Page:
"I think we have made tremendous strides in moving education in this state forward," Shields told reporters, followed by applause from the education leaders and Elementary and Secondary Education Department staff members attending the news conference.

"We were able to move the Normandy School District from unaccredited status to provisionally accredited status — that was a tremendous step forward," Shields said.

"And for the first time in as long as I can remember — 1993 or 94 — there are no unaccredited school districts in this state."

Vandeven said reporters and the public should focus more on the Normandy School story than on her firing.

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JEFFERSON CITY, Mo. (AP) -- Missouri Gov. Eric Greitens' effort to oust the state's education commissioner finally succeeded Friday, after a state Board of Education member appointed by the Republican a day earlier cast the deciding vote.

The board voted 5-3 to remove Margie Vandeven as education commissioner. The vote came at a board meeting held a day after Greitens appointed Eric Teeman, a Raytown businessman and former alderman, following Thursday's resignation of Claudia Onate Greim. Teeman joined four other Greitens appointees in voting to remove Vandeven, who was in the job for nearly three years.

Greim was appointed by Greitens, but when the state board voted on Vandeven's future last week, Greim broke ranks with Greitens' other appointees and voted to keep Vandeven, resulting in a 4-4 deadlock.

In seeking Vandeven's removal, Greitens -- a vocal supporter of charter schools and other school-choice policies -- has not cited any specific actions she took, but has asserted more generally that Missouri's schools need to improve. He particularly has contrasted Missouri's low rankings nationally when it comes to teacher pay with the "big bucks" paid to school administrator, but those salary decisions are made by local school boards.

"Today, kids, teachers, and families won. The State Board of Education voted for new leadership for our school system," Greitens said in a statement. "That's a major step in the right direction as we work to improve public education in Missouri."

The three board members who voted against removing Vandeven said the state has been moving in the right direction on behalf of children. Vandeven, who earned $194,000 annually, agreed.

"Schools are stronger," she told the St. Louis Post-Dispatch. "Political forces are eclipsing educational decisions."

The Legislature's two most powerful Democrats released statements accusing Greitens of stacking a board that is supposed to be independent.

"The removal of Dr. Vandeven is completely without merit and anyone who cares about Missouri's schools should be outraged," Senate Minority Leader Gina Walsh said.

House Minority Leader Gail McCann Beatty called the ouster "the worst abuse of political power by a Missouri governor in living memory."

"Commissioner Vandeven is a respected and effective educator and did not deserve this treatment, especially considering that the governor still hasn't provided a legitimate reason -- or any reason -- for her removal," Beatty said.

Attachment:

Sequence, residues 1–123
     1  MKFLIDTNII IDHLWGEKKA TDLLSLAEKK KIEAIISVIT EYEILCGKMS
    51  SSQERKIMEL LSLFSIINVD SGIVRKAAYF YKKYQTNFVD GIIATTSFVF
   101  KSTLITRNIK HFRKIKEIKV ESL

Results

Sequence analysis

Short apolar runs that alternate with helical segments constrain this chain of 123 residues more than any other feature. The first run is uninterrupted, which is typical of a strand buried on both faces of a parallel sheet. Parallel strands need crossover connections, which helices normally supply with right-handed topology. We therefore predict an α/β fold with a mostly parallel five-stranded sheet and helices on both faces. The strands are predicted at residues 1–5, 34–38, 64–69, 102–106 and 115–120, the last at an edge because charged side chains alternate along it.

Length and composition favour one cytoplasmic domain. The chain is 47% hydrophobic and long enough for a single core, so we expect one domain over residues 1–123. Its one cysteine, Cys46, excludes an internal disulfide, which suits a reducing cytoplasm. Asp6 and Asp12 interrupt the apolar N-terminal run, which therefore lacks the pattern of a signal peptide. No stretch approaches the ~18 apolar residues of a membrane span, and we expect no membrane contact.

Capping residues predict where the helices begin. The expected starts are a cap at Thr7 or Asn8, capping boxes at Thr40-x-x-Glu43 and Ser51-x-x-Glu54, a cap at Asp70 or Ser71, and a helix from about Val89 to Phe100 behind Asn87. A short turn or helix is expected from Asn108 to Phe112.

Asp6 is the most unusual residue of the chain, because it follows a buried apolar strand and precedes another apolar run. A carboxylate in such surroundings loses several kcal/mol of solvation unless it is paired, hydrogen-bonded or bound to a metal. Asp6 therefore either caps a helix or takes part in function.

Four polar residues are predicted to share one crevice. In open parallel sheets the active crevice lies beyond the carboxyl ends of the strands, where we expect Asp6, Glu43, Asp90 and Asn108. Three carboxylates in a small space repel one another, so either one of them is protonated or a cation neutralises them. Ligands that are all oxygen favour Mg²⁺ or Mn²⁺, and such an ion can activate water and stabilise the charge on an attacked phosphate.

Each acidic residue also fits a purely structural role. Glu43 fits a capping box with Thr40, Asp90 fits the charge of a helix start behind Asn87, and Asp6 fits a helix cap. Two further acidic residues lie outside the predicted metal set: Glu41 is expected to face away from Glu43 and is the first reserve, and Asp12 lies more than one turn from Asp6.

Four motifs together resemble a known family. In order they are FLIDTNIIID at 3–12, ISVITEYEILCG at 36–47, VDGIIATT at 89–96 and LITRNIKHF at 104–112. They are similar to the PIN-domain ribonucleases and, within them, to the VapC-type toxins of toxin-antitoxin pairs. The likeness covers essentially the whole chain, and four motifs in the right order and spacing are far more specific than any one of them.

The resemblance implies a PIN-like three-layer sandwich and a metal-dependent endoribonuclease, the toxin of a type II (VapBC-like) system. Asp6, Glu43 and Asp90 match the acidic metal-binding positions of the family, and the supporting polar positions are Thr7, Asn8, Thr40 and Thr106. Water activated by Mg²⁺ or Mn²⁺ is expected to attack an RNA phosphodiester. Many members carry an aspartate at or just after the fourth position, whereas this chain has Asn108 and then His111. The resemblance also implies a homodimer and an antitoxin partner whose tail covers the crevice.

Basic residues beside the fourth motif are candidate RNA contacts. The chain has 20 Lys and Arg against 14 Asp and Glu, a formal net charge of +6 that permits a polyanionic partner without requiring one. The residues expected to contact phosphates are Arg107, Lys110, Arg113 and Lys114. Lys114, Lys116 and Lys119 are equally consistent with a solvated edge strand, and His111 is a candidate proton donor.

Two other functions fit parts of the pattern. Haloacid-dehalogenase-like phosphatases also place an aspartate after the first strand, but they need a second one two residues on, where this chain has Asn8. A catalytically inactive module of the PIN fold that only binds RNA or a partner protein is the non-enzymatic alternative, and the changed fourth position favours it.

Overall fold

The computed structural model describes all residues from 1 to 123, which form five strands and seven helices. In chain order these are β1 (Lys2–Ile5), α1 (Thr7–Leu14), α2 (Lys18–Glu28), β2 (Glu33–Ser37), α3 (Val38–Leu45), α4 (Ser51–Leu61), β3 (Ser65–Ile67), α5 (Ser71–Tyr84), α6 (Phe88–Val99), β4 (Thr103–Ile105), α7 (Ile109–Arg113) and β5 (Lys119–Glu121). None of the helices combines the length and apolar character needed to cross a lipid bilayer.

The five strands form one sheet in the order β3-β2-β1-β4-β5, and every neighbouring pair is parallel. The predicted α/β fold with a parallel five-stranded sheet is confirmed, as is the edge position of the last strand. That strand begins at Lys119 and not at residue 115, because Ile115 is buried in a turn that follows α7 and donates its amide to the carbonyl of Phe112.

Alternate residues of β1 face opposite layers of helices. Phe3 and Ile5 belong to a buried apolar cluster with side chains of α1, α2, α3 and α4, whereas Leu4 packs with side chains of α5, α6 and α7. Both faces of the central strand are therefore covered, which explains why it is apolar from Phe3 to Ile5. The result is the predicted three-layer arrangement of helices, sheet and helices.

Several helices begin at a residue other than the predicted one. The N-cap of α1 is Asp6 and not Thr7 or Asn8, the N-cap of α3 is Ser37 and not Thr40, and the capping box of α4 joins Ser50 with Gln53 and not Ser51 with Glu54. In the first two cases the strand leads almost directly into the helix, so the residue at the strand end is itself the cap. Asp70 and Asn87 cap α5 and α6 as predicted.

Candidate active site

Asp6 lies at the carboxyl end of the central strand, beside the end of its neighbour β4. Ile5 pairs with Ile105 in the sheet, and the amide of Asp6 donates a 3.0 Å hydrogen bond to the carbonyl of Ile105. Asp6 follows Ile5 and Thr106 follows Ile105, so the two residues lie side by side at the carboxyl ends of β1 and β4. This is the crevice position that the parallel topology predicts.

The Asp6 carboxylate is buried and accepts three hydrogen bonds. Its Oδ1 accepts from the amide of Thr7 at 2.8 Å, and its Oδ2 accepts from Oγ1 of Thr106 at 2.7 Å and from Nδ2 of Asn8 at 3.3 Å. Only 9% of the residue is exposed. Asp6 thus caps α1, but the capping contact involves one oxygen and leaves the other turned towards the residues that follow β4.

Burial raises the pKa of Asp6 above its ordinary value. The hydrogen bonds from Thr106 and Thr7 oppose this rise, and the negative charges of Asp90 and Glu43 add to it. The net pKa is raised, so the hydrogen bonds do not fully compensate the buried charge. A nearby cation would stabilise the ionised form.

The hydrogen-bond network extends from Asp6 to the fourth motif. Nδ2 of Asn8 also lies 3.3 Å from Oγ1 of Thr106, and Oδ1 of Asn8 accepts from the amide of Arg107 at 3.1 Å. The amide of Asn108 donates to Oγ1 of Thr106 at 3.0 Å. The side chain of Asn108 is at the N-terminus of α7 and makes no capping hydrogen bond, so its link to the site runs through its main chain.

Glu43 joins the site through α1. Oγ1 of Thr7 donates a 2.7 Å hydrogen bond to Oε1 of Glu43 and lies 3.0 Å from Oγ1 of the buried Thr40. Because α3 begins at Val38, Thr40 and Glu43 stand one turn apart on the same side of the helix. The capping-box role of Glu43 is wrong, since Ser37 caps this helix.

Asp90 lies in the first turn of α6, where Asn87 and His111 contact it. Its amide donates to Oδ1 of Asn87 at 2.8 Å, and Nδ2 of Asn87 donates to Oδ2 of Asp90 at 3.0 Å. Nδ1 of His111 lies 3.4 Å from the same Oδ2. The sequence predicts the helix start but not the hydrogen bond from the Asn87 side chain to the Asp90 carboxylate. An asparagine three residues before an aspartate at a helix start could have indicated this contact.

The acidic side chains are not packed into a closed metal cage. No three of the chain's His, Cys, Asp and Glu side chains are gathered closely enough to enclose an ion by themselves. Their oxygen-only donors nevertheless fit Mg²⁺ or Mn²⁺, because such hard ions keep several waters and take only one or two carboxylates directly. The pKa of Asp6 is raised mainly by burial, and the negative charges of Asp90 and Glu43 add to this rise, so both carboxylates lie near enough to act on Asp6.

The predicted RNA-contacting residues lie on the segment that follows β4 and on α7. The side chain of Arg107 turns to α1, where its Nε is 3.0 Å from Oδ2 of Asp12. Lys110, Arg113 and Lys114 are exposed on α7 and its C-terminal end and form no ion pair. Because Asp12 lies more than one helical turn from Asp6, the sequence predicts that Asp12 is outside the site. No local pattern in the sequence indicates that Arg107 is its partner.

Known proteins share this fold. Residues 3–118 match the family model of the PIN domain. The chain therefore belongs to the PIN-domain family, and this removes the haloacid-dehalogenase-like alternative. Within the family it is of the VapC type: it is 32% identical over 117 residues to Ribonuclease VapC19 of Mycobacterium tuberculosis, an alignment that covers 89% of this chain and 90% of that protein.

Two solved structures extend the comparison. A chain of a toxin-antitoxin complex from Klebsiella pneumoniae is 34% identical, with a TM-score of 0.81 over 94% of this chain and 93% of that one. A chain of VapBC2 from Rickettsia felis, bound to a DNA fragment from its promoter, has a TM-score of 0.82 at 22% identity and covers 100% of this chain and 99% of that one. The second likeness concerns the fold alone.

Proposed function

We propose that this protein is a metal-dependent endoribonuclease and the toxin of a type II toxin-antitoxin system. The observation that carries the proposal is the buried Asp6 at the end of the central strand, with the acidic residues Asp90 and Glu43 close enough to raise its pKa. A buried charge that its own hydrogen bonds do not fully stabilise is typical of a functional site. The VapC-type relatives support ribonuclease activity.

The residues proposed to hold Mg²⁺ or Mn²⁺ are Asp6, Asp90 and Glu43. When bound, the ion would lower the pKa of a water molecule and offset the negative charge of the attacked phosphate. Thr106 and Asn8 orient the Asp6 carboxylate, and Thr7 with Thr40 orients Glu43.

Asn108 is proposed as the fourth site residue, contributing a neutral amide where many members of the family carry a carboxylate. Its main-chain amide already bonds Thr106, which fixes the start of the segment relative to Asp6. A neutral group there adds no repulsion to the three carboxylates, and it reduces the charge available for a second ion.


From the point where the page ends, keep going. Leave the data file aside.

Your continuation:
After dismissing Vandeven, the Board of Education voted 7-1 to make Deputy Commissioner Roger Dorson the interim education commissioner until the board can pick a permanent replacement.

The board has not said who it intends to choose, but Greitens appears to want to hire someone who supports school-choice policies.

In August, the Post-Dispatch reported that Greitens used campaign funds to fly Atlanta charter school expert Kenneth Zeff to Jefferson City. Greitens' gubernatorial campaign received at least $370,000 from prominent school-choice proponents last year, including $275,000 from Home Depot co-founder Bernie Marcus and $40,000 from Betsy and Richard DeVos. Betsy DeVos later was appointed as education secretary by President Donald Trump.

Missouri School Board Association Executive Director Melissa Randol said in a written statement that the state board's action "has made the commissioner of education a political appointee of the Governor."

Vandeven began her term as commissioner in January 2015 under Democratic Gov. Jay Nixon. She is a Missouri native who began her education career as a teacher in the St. Louis suburb of O'Fallon in 1990.

Greitens noted that Missouri fell from 18th to 28th in fourth-grade reading and from 23rd to 32nd in eighth-grade math from 2009 to 2015. Most of that time was before Vandeven took over.

The governor also said $64 million was added to the state budget for public schools this year.

"The bureaucrats took your money," Greitens said. "Teachers didn't get a raise. Juniors in high school had the ACT cut. The bureaucrats had their chance. They failed our kids."

Missouri National Education Association President Charles E. Smith said in a statement that Greitens' "top-down approach runs contrary to the spirit of our constitution, turning students, teachers, and our local schools into political props. The confusion and chaos the governor has created does nothing to help students achieve."